Graphene nanoflakes: A new tool for precision medicine

phys.org | 4/14/2016 | Staff
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Chemists funded by the SNSF have created a new compound for flexible drug delivery that specifically targets prostate cancer cells. Incorporating four different molecules, the compound prevents tumor cells from multiplying, can be detected by medical imaging and has staying power in the bloodstream.

Usually, a drug is administered indiscriminately and most of it does not reach the diseased tissues. The goal of precision medicine is to increase the efficacy of therapeutic substances by delivering them only to the proper target. This requires a customized drug delivery system. A team funded by the Swiss National Science Foundation has developed a new approach based on graphene nanoflakes, which are extremely small pieces of graphene (a regular atomic-thin arrangement of carbon atoms). They added different types of molecules to single nanoflakes to transform them into a customized system for drug delivery. The results are published Chemical Science.

Jason - Holland - Team - University - Zurich

Jason Holland's team at the University of Zurich succeeded in attaching four kinds of molecules to single graphene nanoflakes to imbue them with specific capacities: transporting an anticancer drug, delivering it only to certain cancerous cells, making it visible by medical imaging and prolonging its stay in the bloodstream. In a second step, the team tested each functionality to verify that the new compound works as expected.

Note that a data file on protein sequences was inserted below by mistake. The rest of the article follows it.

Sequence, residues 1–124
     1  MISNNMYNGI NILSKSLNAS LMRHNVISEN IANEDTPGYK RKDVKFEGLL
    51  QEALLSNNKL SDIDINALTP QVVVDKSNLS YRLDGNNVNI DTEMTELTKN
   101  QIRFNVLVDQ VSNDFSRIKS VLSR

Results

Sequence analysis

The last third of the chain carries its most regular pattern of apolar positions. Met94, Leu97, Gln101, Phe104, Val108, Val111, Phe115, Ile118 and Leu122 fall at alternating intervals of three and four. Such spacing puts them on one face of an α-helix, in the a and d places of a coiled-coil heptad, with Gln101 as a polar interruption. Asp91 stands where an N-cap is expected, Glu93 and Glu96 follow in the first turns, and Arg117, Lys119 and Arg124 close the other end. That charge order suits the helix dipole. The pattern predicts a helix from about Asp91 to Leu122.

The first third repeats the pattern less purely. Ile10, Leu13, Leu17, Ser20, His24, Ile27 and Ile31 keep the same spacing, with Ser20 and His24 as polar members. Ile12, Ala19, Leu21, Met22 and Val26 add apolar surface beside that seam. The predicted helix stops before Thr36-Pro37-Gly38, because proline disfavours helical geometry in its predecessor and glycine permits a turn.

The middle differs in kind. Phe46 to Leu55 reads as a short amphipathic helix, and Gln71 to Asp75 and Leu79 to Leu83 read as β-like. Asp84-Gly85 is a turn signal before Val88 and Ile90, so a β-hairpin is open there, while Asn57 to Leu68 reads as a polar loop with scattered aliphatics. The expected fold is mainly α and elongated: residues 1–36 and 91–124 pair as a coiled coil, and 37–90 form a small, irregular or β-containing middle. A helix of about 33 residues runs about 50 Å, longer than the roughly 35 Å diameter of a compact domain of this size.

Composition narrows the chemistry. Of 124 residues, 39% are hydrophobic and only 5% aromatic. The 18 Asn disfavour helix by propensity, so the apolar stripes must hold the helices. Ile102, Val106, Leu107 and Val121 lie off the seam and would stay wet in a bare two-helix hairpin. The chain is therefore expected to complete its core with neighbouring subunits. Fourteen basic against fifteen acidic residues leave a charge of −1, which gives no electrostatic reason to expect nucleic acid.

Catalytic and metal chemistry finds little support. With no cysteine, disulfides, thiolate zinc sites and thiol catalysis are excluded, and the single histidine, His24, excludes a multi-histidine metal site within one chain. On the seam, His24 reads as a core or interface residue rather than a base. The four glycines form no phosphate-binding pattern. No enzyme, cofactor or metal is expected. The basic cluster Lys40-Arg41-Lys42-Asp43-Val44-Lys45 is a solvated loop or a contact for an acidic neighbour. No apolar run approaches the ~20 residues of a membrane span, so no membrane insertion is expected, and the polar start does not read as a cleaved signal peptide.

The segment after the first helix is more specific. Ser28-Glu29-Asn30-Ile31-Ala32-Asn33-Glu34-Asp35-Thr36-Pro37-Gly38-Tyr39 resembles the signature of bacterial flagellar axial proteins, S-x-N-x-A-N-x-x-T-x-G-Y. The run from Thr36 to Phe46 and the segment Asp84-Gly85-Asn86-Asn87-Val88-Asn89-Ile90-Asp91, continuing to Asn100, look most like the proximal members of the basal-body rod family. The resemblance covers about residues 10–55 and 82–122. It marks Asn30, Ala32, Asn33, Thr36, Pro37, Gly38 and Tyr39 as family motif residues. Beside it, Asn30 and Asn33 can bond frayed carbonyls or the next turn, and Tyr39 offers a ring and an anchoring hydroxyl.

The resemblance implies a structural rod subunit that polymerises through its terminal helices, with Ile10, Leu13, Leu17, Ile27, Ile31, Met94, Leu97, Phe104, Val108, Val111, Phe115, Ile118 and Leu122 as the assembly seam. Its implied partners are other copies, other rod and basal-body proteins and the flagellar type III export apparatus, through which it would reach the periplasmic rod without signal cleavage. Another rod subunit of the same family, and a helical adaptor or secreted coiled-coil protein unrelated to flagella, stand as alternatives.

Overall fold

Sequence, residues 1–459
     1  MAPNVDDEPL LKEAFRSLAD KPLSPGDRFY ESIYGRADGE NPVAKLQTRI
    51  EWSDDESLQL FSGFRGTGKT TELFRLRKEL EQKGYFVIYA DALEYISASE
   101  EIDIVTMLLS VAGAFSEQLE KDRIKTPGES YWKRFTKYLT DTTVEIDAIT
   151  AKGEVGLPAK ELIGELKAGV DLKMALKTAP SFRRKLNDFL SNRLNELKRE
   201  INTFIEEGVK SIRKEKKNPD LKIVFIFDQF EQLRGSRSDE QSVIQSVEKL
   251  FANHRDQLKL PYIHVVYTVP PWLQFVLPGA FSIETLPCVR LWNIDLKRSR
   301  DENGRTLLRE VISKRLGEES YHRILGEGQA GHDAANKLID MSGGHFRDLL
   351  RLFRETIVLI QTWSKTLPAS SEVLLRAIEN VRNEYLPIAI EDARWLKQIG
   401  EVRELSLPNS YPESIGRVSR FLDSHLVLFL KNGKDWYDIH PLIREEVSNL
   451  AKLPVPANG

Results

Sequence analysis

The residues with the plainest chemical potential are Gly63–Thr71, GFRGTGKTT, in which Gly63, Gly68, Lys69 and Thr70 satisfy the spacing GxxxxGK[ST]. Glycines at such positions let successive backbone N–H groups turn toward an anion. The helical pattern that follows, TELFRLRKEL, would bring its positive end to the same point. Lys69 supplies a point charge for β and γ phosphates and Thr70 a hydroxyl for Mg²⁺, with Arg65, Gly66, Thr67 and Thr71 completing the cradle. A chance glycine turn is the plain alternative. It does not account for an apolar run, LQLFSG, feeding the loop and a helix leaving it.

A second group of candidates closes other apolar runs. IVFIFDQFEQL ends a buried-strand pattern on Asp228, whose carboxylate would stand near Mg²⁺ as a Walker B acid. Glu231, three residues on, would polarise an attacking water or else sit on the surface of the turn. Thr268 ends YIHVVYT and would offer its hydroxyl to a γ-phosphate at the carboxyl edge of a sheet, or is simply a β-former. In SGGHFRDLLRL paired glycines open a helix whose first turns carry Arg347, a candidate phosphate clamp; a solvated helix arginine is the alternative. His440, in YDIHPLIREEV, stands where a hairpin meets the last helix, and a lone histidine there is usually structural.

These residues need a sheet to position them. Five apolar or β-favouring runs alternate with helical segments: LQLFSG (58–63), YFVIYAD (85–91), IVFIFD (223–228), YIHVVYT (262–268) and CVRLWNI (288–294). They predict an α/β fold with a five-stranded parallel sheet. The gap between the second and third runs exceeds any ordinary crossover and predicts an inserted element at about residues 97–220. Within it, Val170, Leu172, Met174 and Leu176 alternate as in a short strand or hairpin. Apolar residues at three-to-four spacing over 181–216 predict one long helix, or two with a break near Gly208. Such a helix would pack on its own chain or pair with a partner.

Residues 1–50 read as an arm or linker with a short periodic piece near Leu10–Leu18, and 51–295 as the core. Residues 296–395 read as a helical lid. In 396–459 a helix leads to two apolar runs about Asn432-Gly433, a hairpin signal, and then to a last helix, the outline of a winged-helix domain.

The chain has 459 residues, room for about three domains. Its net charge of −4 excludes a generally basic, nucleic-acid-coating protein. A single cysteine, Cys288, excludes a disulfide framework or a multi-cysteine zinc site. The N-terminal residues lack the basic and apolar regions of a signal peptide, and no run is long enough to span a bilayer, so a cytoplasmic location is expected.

"Our work demonstrates how to use the graphene nanoflakes as a universal delivery mechanism," explains Ph.D. student Jennifer Lamb, first author of the publication. "They can be used as a scaffold onto which one can add customized components, a bit like Lego bricks. This is possible because of their chemical structure: the edge of the flake is made of carboxyl groups—CO2H—where additional molecules can be attached."

Collaborators - University - College - London - Graphene

First, collaborators at University College London produced the graphene nanoflakes from carbon nanotubes. Then the Zurich team attached four molecules to...
(Excerpt) Read more at: phys.org
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